Right and Wrong Ways to Expedite Deal Negotiations

Use of Debt Financing by Law FirmsOf the many times that I’ve worked on a corporate deal – not a simple agreement, but a transaction of some complexity involving multiple documents and perhaps multiple parties – it is extremely rare that the transaction got done early, in advance of the target closing date set at the beginning of the process. This is not necessarily the fault of anyone involved, but it’s a matter of deal-making being a process with a lot of moving parts that takes time. This causes some frustration, usually among the principals more than the attorneys. Although there’s no magic bullet that will cause deals to get done instantaneously, the following are some tips that will expedite the process in a manner that doesn’t cause unnecessary stress and hard feelings:

  • Follow up, nicely. While job number one for you is ensuring that you are pushing out paper without much delay, once that’s done, if you’re waiting on something that’s in someone else’s hands, and it’s taken longer than expected, ping that person with a polite email, asking for an ETA.
  • Schedule check-in calls. Particularly if there is a large working group, it can be helpful to have periodic conference calls where the participants go through a closing checklist or otherwise get themselves on the same page. Having the call on the calendar has the side benefit of prodding people to attend to their to-do list before the call, to avoid having to admit on the call that the work is not done. But these calls shouldn’t be done too frequently, which causes frustration, with everyone thinking they’d rather be left alone to do the work.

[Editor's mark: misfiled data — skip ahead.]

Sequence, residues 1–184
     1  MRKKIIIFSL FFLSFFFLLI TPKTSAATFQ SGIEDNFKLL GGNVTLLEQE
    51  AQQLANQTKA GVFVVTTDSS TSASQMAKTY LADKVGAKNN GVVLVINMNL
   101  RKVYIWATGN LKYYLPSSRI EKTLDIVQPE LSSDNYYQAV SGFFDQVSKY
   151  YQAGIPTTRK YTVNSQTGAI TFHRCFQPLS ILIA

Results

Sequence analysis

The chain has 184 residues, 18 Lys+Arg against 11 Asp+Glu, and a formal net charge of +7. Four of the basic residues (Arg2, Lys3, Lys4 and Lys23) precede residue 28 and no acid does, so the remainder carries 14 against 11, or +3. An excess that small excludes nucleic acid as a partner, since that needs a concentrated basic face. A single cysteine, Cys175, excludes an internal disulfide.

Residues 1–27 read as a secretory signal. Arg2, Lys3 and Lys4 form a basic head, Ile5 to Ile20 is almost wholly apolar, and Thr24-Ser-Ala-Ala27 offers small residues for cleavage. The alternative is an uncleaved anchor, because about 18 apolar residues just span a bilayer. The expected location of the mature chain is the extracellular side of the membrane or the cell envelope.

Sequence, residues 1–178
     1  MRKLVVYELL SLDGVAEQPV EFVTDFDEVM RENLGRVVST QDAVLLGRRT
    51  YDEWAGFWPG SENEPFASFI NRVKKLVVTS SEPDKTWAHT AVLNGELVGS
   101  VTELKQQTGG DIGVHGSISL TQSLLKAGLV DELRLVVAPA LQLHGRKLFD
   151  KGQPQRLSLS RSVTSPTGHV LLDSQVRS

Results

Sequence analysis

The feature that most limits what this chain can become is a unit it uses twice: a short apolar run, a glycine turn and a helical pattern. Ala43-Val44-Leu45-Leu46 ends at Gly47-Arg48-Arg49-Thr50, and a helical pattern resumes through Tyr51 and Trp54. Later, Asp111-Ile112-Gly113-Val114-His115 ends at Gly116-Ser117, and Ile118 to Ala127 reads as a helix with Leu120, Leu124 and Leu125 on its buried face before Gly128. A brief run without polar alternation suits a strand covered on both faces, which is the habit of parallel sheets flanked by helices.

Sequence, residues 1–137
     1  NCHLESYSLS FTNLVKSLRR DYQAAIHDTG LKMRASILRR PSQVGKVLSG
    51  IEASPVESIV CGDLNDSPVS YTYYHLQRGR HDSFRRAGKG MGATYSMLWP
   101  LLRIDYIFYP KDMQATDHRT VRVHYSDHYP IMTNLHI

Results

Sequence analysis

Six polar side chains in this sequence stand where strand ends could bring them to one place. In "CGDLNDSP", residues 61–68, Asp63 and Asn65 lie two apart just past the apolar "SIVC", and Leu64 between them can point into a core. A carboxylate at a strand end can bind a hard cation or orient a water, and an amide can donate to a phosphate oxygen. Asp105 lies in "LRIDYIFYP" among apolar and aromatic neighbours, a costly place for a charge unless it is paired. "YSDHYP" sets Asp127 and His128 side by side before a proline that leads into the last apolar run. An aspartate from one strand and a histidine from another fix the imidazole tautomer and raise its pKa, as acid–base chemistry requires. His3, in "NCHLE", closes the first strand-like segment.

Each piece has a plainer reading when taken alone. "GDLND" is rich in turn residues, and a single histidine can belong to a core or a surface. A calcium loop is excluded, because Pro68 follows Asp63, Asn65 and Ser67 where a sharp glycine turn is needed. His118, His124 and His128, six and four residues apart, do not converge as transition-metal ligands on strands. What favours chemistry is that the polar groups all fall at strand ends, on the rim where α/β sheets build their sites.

• Don’t showboat about off-hours work. Particularly when the transaction (inevitably) falls behind the unrealistic schedule, you’ll start to see behavior like someone emailing the group late at night or on a weekend, implying that they are sacrificing free time to work on this and wondering why everyone else isn’t as committed. Ultimately, it is unknowable what other people’s workload is and whether they’re doing as much as they can on your deal. Instead, treat everyone else as a professional, and if there are timing considerations, discuss them respectfully.
  • Don’t set fake deadlines. Deal principals will often announce that a deal needs to close by a particular date, without much explanation. If, as is often the case, it’s a BS deadline that was set to short-circuit the process and perhaps limit transaction costs, it will backfire when the deadline inevitably passes because of factors that may be outside anyone’s control. At that point, the deadline-setter has lost credibility.
  • Create a transaction timetable. In my experience, certain types of transactions (IPOs, for example) have a detailed weekly timetable, while others, like M&A, are less likely to have one, probably because they are too unpredictable. If it makes sense in a particular transaction, it’s good to try to impose a broad framework like this if it builds in buffer time and is more realistic than just “close by Friday.”